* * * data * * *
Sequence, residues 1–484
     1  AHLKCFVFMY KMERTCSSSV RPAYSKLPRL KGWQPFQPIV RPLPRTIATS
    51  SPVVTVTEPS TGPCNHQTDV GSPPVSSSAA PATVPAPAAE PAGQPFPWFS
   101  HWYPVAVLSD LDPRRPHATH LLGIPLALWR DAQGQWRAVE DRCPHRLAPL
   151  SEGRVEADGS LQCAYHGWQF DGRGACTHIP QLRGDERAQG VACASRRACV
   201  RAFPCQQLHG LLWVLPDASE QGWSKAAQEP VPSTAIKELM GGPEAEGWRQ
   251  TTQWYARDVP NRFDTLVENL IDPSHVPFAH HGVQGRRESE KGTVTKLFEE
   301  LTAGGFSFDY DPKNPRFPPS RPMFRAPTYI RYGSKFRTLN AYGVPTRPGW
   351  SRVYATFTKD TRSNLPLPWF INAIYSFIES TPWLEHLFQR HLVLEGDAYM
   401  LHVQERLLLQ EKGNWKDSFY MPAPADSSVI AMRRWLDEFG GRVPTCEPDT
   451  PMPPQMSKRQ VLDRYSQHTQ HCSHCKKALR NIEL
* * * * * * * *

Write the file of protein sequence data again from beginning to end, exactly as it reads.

Sequence, residues 1–484
     1  AHLKCFVFMY KMERTCSSSV RPAYSKLPRL KGWQPFQPIV RPLPRTIATS
    51  SPVVTVTEPS TGPCNHQTDV GSPPVSSSAA PATVPAPAAE PAGQPFPWFS
   101  HWYPVAVLSD LDPRRPHATH LLGIPLALWR DAQGQWRAVE DRCPHRLAPL
   151  SEGRVEADGS LQCAYHGWQF DGRGACTHIP QLRGDERAQG VACASRRACV
   201  RAFPCQQLHG LLWVLPDASE QGWSKAAQEP VPSTAIKELM GGPEAEGWRQ
   251  TTQWYARDVP NRFDTLVENL IDPSHVPFAH HGVQGRRESE KGTVTKLFEE
   301  LTAGGFSFDY DPKNPRFPPS RPMFRAPTYI RYGSKFRTLN AYGVPTRPGW
   351  SRVYATFTKD TRSNLPLPWF INAIYSFIES TPWLEHLFQR HLVLEGDAYM
   401  LHVQERLLLQ EKGNWKDSFY MPAPADSSVI AMRRWLDEFG GRVPTCEPDT
   451  PMPPQMSKRQ VLDRYSQHTQ HCSHCKKALR NIEL